If this tank was in your city, you'd want an Arms Trade Treaty
In a couple of hours, Londoners are in for quite a shock. We're going to be taking up a little extra room in the bus lanes with... a 17-tonne armoured tank. Try getting on one of those with a pay-as-you-go Oyster card.
So, I hear you ask, why are we going to drive an armoured killing machine right through central London?
Next week, the world's governments enter talks on the first ever global arms trade treaty - the first set of global rules to control the sale of guns, tanks, aircraft carriers and everything in between. Treaties might not be the stuff of front page news but this is a momentous occasion - it's been over 20 years in the making.
We're going to use the tank to visit 5 key embassies who could be crucial in the negotiations and take the opportunity to remind them the difference they could make.
What you can do to support our day of action
And if you're in London, get a picture of the tank and share it on #armstreaty
Paul Conroy, photographer for The Sunday Times, is here to show his support for the treaty. His recent experiences in Syria left him in no doubt about the need for global regulation of arms. Hear why:
listen to ‘Paul Conroy from The Times on his experiences in Syria, and why we need an #armstreaty’ on Audioboo
And we’re off!
— Amnesty UK (@AmnestyUK) June 27, 2012
First stop, Parliament Square, to remind the UK Government they’ve got to keep strong in the negotiations. Foreign Office Minister Alistair Burt has made a good statement confirming the UK want a strong treaty with human rights at its core, but we need to keep the pressure up and what better way than with an armed vehicle.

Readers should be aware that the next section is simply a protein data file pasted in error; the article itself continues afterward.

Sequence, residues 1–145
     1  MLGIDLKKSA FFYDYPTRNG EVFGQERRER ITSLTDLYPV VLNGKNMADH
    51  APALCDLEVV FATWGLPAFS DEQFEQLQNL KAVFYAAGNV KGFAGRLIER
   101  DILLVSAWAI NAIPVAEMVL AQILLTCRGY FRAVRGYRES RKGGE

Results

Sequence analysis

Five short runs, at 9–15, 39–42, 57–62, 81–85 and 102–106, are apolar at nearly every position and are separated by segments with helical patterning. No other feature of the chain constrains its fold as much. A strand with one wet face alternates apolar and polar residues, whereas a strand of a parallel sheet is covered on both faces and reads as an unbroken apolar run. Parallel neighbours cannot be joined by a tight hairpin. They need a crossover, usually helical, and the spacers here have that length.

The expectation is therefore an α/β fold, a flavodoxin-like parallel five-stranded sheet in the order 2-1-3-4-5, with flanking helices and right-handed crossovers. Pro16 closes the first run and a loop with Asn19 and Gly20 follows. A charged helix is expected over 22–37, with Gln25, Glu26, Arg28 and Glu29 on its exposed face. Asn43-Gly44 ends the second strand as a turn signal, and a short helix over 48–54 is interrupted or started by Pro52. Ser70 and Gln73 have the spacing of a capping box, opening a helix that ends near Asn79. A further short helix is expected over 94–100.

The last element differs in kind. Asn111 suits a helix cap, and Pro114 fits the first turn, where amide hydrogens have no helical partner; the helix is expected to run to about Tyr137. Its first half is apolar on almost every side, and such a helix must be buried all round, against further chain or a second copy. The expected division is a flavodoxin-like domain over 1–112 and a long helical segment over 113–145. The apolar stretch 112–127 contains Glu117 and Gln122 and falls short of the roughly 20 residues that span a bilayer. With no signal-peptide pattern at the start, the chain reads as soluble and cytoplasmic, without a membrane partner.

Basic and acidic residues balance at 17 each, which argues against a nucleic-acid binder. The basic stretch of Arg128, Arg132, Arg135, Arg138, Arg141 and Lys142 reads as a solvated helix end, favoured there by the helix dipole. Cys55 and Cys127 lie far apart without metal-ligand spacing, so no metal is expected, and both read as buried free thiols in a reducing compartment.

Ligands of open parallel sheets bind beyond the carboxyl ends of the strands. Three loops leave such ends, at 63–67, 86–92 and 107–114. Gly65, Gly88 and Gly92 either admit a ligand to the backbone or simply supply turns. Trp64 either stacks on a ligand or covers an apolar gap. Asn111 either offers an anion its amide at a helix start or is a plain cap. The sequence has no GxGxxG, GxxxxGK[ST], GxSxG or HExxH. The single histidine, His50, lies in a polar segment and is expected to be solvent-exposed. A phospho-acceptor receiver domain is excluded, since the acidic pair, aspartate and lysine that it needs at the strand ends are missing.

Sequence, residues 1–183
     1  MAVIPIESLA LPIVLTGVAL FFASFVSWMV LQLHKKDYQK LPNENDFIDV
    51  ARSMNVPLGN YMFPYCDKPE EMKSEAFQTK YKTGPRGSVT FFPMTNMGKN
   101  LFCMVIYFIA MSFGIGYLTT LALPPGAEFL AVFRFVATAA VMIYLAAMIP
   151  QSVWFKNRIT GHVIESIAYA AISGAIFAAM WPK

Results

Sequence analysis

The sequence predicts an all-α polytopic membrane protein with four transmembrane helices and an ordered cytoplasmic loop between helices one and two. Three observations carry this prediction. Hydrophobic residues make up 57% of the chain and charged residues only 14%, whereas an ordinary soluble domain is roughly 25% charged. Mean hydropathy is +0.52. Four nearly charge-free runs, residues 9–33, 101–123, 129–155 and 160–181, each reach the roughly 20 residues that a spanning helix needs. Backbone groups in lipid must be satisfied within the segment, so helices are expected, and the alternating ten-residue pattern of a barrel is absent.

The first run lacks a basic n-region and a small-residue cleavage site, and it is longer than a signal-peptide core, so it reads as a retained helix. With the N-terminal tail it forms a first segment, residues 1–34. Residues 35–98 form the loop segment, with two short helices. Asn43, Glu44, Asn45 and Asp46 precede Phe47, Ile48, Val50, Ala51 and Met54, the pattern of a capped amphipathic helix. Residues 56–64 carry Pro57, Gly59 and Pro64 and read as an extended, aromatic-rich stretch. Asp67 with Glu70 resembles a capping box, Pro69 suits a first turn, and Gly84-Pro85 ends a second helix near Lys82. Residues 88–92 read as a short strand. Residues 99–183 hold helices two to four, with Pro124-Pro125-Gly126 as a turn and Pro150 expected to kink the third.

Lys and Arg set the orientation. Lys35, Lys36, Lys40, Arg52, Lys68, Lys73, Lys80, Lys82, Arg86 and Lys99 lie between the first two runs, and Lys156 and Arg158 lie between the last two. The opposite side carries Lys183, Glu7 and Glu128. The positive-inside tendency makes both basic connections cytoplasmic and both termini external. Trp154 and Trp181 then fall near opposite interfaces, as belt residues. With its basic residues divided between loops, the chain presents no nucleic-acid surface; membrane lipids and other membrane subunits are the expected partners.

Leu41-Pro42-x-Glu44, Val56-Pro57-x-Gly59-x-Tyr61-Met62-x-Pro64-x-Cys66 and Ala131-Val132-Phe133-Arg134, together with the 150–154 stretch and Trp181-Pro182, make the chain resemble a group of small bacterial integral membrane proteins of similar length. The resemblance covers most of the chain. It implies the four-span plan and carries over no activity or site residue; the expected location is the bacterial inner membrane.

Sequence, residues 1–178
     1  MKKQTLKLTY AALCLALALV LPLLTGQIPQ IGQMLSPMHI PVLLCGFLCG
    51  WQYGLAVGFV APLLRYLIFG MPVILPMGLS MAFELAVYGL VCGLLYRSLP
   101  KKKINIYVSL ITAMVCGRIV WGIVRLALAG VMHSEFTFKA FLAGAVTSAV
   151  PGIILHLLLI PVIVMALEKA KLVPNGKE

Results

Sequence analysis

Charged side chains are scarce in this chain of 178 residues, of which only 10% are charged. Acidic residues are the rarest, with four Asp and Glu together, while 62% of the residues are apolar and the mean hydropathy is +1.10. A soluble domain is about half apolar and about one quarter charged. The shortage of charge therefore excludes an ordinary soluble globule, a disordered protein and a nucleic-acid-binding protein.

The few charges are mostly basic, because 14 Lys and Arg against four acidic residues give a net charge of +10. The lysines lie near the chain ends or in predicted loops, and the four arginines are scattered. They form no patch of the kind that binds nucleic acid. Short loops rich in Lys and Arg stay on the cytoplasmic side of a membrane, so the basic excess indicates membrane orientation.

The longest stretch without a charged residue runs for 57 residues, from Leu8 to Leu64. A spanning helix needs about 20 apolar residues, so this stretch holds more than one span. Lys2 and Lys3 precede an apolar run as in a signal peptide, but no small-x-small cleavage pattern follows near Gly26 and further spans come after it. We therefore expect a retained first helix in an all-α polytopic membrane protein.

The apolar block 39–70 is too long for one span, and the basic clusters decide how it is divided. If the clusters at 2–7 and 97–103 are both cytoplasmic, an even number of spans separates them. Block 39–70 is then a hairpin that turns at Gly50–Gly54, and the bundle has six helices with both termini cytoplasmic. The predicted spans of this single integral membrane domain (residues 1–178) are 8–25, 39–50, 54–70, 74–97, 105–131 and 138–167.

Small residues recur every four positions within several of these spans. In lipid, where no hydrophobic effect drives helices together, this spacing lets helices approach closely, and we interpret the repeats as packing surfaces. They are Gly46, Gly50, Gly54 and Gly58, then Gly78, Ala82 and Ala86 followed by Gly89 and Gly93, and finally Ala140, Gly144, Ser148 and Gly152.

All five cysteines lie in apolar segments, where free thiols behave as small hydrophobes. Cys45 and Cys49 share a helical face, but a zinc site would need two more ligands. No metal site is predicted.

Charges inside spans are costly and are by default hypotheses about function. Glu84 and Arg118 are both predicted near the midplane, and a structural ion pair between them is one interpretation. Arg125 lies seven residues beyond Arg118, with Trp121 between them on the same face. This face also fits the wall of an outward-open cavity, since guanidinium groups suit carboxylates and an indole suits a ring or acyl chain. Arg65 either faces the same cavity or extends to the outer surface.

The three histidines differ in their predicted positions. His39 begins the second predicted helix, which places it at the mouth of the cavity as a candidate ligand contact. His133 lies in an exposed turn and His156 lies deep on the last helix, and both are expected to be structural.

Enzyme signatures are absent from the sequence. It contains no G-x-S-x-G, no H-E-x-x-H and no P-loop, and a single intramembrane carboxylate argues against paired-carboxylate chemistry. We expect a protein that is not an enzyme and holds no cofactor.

You can do the same with a signature – sign our petition here.
While we're outside Parliament in this vehicle, some of our colleagues are inside Westminster, asking MPs to publicly support the treaty.
First up: Douglas Alexander.
As we head up The Strand, here's some background on why we're driving a tank round London. A global arms treaty has the potential to curtail a huge number of human rights abuses - 60% of the reports Amnesty writes include the use of weapons. In the last year alone we've reported on tanks being used to shell civilians in Libya, Syria and South Sudan. A tank driving round London is a twitpic opportunity. If you're in Damascus, it's time to turn and run.
As the #armsteaty tank rolls past parliament - here 4 things better regulated than guns. Bananas. Dinosaur bones. Postage stamps. Plants.
— Amnesty UK (@AmnestyUK) June 27, 2012
Notably, their submission to the negotiations doesn't explicitly mention human rights, and they don't want parts and components included.
We're doubling back on the Strand to the South African High Commission. South Africa is another key exporter of arms – the biggest in Africa.
Although they're supportive of the global arms treaty negotiations, their record isn't clean: in 2008, they issued a license to a a Chinese 'Ship of Shame', carrying ammunition bound for Zimbabwe. That shipment was only stopped when dockers refused to unload it, sparking a campaign by charities and NGOs to turn the ship round. Just one example of many of why human rights-based rules are needed to govern shipments.